Fearlessness is the gateway to success. One should therefore shun all kinds of fear.
~ Rig Veda
Last time we covered a general list of activities your tax specialist does year round, and we promised you more detailed information on items that may be of interest to you. As always, please don’t hesitate to speak with us if you have any questions about your specific individual or business tax situation.
About Tax Planning
Tax planning and projections are a value-added service that few accounting firms offer to the general public. This unique service involves a deep understanding of taxation, business, finance, accounting, and how to conduct in-depth research. Tax planning services vary greatly, and can be performed for individuals and businesses alike.
Projecting Taxable Income
One aspect of the tax planning service is to project the taxpayers’ taxable income for the current year.
For those with salaries, that means forecasting year-end pay slips and projecting W2 forms for one or more employers. This is easier said than done, once you throw in the tax preference items like 401K’s, IRA’s, HSA’s, FSA’s and a whole entourage of fringe benefits. These items are all treated differently, and each one comes with its own set of limitations, calculations, savings, and applications.
For the self-employed, it means creating a projected profit and loss statement to gauge the amount of net income.
Other examples of income projection can include:
- Reviewing the plans for a sale of a primary residence or rental/investment property
- Liquidating stock holdings or consulting on portfolio interest and dividends to be earned
- Early or timely retirement distributions
Calculating Tax Implications when Switching Jobs
Another good opportunity for tax planning is when your job situation changes. It can produce a variety of tax implications, which a tax plan can address.
- Overpayment of Social Security and Medicare taxes
- Under- or over-withholding federal income taxes
- Withholding for the wrong state/local income taxes
- Incorrectly allocating state income on W2 forms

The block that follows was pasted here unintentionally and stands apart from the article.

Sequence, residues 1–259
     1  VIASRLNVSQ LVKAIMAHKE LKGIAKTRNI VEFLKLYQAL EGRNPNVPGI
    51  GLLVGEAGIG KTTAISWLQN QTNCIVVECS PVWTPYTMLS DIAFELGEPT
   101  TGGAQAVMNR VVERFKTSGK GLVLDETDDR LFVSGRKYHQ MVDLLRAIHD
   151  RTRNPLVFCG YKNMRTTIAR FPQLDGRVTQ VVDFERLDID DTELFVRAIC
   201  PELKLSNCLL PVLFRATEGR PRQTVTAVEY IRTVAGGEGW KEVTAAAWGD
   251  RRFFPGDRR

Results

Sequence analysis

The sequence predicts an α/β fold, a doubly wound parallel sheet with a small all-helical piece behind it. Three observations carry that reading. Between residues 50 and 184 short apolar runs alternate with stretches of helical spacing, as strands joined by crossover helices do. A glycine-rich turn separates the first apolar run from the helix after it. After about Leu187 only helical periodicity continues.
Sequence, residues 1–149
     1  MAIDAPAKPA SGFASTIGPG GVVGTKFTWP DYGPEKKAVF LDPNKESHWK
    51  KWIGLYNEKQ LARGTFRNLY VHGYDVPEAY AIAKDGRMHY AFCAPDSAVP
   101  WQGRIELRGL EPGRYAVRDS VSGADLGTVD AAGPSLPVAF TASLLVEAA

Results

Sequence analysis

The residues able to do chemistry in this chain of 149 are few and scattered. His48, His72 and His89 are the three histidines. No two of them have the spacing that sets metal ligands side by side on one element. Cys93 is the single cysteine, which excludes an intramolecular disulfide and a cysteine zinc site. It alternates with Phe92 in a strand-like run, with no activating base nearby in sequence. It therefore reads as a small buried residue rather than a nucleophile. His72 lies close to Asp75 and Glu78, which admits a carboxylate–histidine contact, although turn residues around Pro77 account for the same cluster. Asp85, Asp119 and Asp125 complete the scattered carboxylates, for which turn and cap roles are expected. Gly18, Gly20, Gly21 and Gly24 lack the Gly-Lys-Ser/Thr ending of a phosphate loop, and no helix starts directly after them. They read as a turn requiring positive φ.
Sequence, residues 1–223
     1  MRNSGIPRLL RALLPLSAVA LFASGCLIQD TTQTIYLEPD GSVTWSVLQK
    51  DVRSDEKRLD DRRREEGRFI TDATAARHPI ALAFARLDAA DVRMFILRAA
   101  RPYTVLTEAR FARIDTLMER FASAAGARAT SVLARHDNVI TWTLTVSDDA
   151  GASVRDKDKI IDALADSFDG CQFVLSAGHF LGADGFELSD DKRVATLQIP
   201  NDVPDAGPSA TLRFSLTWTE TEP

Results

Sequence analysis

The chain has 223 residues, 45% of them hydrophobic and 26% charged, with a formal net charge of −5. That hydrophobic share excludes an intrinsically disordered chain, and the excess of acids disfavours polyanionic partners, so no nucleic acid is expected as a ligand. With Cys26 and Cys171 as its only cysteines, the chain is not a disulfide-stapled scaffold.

- Over-contributing to retirement plans, creating possible excise tax implications
- Planning for additional year-end deductions when one no longer qualifies or is no longer eligible
Assisting with Estimated Tax Payments and Avoiding Penalties
Most people are under the impression that income taxes are due by the 15th of April, and in fact, they are not. The U.S. tax system is a pay-as-you-go tax system, and the taxes are actually due in quarterly estimated installments – with exceptions, of course.
The quarterly installment due dates fall on 4/15, 6/15, 9/15, and 1/15 each year. There is no requirement to make these quarterly installments, however, as with most systems here in the US, if you are in the wrong, the government simply teaches you a costly lesson, by imposing tax penalties with interest and in some cases the penalties and interest can go into the thousands of dollars.
The hard and fast rule to help alleviate these “underpayment penalties” is to have the taxpayer prepay the smaller of:
- 100% or 110% of the prior year taxes, or
- 90% of the current year estimated taxes
Most will blindly send in the 100%/110% of the prior year tax in quarterly installments under what we call the “safe harbor” method, however, the tax situation may have changed drastically from last year to the next, and sending the same amount of estimated tax based on the prior year tax liability may no longer be applicable.
Whether using the prior or current year tax method, many may be paying in quarterly, when their income flow is not spread out evenly over the year, and the client may not be aware that there is an annualized income method that can be elected to pay in estimates to better match the income stream. Examples of seasonal workers would include movers, landscapers, and holiday helpers.
Scheduling Estimated Tax Payments
Keep in mind that the installment due dates start on the least convenient time of year, April 15! Believe it or not, even though you may be a seasoned pro in making your own estimated tax payments, you can’t help but worry if you are sending in the right amount of estimated taxes. It helps that much more when you have a tax specialist taking on this responsibility over for you.
We hope this information is valuable for you. As always, do not hesitate to reach out to us if we may be of any assistance to you.